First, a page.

Just days ago, at the end of its December meeting, Duke’s Board of Trustees failed refused to release actual, current numbers about its investments.
Last evening Duke reversed course (I wonder why). President Richard H. Brodhead acknowledged a 19 percent loss in the value of the endowment, a total of $1.2 billion gone poof.
He issued the statement himself. Trustee chair Bob "Wachovia" Steel was no where to be found.
Brodhead could have included in his statement – an email address to faculty and staff - the words "lost so far."
Like Harvard, whose president recently explained its giant holdings in hedge funds and private equity still have to be re-evaluated, Duke has focused its holdings in these turbulent areas.
In fact, Duke has focused more in these areas than Harvard. As of July 1 Duke had 42 percent of its money in hedge fund; and 23 percent of its money in private equity.
There is no ready market for these: the Wall Street term is how these investments are "marked" -- that is -- how you estimate their value. These estimates can vary widely.
Harvard’s President Drew G. Faust correctly warned that its numbers will be adjusted downward when all the dust settles; President Brodhead did not
In November, Barrons, the weekly magazine of the Wall Street Journal, estimated that such holdings in university endowments have already lost half their value. If that's true for Duke, its reported loss of $1.2 billion will prove to be $2.5 billion.
In his only formal statement before tonight, Brodhead reassured us that Duke was "stable and secure" with a "strong financial foundation." A sunny island in the tempest. That was misleading to say the least.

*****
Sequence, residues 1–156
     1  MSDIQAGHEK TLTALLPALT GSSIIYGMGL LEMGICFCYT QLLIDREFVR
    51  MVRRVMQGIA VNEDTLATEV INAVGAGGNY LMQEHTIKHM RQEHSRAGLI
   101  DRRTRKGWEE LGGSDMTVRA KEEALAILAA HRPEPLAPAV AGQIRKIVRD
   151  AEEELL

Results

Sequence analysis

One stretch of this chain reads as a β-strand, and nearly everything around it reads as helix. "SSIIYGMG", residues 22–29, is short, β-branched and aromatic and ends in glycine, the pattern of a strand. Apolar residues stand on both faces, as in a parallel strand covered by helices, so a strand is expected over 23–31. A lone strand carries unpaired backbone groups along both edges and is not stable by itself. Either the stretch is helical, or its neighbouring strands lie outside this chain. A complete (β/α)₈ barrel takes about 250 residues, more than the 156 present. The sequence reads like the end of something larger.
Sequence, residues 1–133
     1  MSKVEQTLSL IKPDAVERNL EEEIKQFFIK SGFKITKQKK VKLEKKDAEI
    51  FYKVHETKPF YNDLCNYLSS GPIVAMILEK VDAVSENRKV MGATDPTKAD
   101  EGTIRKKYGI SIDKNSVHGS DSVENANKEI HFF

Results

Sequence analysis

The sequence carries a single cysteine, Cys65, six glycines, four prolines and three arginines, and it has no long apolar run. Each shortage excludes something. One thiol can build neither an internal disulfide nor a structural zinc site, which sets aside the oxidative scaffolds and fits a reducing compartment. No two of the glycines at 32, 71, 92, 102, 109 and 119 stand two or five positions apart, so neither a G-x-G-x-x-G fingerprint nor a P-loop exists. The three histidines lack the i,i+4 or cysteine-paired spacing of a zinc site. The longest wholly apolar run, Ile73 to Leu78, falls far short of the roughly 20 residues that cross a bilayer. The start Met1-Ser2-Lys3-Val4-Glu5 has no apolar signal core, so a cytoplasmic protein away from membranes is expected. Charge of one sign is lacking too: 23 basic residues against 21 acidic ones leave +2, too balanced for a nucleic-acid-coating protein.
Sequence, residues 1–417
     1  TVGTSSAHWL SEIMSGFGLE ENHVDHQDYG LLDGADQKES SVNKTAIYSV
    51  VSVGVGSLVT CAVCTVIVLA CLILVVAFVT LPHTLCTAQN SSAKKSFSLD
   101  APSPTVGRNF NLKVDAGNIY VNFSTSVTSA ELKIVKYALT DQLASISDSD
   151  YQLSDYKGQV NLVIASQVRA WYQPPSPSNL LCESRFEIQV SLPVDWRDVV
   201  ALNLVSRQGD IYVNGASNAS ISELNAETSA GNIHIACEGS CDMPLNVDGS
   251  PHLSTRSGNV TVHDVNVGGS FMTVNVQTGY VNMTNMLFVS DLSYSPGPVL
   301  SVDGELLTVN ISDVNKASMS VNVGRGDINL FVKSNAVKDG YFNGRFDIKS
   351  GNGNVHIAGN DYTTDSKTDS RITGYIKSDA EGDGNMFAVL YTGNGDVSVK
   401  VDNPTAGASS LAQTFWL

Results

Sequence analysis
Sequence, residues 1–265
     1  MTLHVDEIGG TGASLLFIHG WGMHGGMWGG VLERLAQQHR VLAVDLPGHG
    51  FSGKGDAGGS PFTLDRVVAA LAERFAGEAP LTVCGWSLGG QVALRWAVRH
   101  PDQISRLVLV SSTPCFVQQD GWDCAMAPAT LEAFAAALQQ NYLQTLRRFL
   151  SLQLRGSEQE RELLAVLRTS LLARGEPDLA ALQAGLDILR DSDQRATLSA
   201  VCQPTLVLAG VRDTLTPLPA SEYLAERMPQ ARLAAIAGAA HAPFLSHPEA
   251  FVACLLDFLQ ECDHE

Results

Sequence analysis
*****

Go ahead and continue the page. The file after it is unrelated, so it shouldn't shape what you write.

Let's look at what $1.2 billion -- the acknowledged loss in the endowment -- means so far to Duke:
-- In recent years, Duke has gotten contributions of about $125 million per year for new endowment. That means a whole decade of giving is wiped out.
-- It took Brodhead one "quiet" year and three years in public to eke out $300 million for the Financial Aid Initiative. This wipes out this gain -- and four others just like it.
-- When the full impact of the loss is felt, Duke will have $60 million less to spend in its annual budget. The highly touted increase in this year's financial aid budget amounted to only $11 million.
In the past 24 hours, there was one other set of numbers with ominous implications for Duke. Sixty-six percent of the young people who were given early admission to the class of 2013 said they needed financial aid.
Statistics for the class of 2012 were not released a year ago, but in the two years before that, only half as many -- around 32 percent -- said they’d need financial aid.
It's clear Duke's budget will not only have less money to spread around, but its highest priority -- need based undergraduate aid -- will be crying for more.
Tonight's statement by Brodhead touched only Duke's endowment. Duke Management Company invests all of the university's funds, huge amounts of money.
-- There will be similar losses in the two Duke Pension plans; perhaps driving their value to the point where Duke will have to increase contributions from its annual budget to keep them fully funded.
-- There will be similar losses in the cash account. For example, money that parents paid last summer for tuition for the fall semester just ending was in the same pool -- where at least 19 percent has been lost.
There is much more that needs to be said in the interests of informing the Duke community.
But for now, I’ll just end with this: What I missed most in President Brodead’s statement was any sense that the financial plight of Duke is a responsibility and burden for all of its. There was no invitation for ideas to save money, no suggestion there be a dialogue to adjust priorities.
Brodhead's statement is consistent with his way of operating -- to deny information to students, faculty and alumni so that their effective participation in university governance is emasculated.